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|Title:||Popularity versus similarity in growing networks|
|Scientific Field:||Engineering and Technology|
|Scientific Field:||Electrical Engineering, Electronic Engineering, Information Engineering|
|Citation:||Nature, 2012, Volume 489, Number 7417, Pages 537–540|
|Abstract:||The principle that popularity is attractive underlies preferential attachment, which is a common explanation for the emergence of scaling in growing networks. If new connections are made preferentially to more popular nodes, then the resulting distribution of the number of connections possessed by nodes follows power laws as observed in many real networks. Preferential attachment has been directly validated for some real networks (including the Internet), and can be a consequence of different underlying processes based on node fitness, ranking, optimization, random walks or duplication. Here we show that popularity is just one dimension of attractiveness; another dimension is similarity. We develop a framework in which new connections optimize certain trade-offs between popularity and similarity, instead of simply preferring popular nodes. The framework has a geometric interpretation in which popularity preference emerges from local optimization. As opposed to preferential attachment, our optimization framework accurately describes the large-scale evolution of technological (the Internet), social (trust relationships between people) and biological (Escherichia coli metabolic) networks, predicting the probability of new links with high precision. The framework that we have developed can thus be used for predicting new links in evolving networks, and provides a different perspective on preferential attachment as an emergent phenomenon.|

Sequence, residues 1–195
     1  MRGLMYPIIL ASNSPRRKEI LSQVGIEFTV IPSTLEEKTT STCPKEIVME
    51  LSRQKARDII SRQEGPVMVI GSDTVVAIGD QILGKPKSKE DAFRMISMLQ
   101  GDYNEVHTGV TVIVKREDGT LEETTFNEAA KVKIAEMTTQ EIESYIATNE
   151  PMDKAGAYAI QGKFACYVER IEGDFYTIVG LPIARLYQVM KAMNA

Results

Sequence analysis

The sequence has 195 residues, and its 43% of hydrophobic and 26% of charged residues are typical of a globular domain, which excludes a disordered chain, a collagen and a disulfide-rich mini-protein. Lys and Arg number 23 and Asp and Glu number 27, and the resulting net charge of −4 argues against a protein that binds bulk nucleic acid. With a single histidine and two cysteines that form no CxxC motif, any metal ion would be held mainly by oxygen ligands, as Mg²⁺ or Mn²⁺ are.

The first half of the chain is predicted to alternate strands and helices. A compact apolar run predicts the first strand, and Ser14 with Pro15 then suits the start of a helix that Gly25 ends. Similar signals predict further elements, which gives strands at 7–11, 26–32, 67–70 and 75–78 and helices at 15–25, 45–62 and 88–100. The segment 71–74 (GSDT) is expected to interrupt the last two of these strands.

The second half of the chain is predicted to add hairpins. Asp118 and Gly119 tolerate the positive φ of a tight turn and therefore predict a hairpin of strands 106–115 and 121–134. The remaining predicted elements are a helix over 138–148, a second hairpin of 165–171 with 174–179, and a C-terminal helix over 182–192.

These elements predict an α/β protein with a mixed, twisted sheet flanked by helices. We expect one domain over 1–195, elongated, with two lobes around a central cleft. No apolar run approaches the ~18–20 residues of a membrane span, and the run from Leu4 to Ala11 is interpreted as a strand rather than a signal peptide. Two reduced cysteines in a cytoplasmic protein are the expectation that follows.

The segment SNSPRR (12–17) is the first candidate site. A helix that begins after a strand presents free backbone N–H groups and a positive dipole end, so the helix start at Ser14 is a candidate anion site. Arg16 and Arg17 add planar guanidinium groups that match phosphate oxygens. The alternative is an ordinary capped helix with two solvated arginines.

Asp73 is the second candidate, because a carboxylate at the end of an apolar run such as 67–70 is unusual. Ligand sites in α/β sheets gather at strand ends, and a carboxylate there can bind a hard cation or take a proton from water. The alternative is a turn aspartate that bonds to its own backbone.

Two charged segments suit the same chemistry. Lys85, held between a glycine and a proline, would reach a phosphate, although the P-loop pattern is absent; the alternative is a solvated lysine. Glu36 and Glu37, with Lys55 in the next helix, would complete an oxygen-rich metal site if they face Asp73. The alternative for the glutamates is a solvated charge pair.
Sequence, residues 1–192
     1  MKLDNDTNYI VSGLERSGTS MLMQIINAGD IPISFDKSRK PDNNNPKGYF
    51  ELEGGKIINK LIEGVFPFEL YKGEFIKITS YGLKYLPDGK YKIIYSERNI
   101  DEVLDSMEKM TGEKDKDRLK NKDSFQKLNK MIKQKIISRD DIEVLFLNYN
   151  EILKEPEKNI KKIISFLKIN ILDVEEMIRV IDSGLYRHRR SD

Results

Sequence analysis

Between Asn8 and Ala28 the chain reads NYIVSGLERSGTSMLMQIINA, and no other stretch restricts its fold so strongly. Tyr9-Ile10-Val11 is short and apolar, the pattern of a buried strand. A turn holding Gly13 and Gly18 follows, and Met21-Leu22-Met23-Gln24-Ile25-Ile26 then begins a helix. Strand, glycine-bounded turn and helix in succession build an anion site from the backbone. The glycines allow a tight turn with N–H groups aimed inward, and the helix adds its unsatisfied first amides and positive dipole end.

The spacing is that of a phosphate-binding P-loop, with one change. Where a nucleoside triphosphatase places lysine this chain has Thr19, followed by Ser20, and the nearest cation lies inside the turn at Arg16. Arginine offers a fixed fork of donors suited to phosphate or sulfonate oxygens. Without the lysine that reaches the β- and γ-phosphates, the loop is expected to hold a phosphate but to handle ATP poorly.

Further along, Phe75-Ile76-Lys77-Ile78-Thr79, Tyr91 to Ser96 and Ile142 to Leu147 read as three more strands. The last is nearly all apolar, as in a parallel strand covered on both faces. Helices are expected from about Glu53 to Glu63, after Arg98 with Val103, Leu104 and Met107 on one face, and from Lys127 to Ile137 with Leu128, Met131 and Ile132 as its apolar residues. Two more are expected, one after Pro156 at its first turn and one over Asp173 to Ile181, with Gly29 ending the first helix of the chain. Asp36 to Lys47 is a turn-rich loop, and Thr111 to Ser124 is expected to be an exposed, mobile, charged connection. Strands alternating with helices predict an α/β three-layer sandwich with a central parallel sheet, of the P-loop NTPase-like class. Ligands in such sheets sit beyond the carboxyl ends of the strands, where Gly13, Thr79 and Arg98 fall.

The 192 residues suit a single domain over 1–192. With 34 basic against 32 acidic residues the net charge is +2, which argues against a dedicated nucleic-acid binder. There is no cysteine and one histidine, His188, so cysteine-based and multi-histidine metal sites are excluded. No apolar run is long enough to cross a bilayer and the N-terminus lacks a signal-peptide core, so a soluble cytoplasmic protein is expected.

|Affiliation:||Cyprus University of Technology|
|Journal type:||Peer reviewed|
|Journal Type:||Subscription Journal|
|Appears in Collections:||Άρθρα/Articles|
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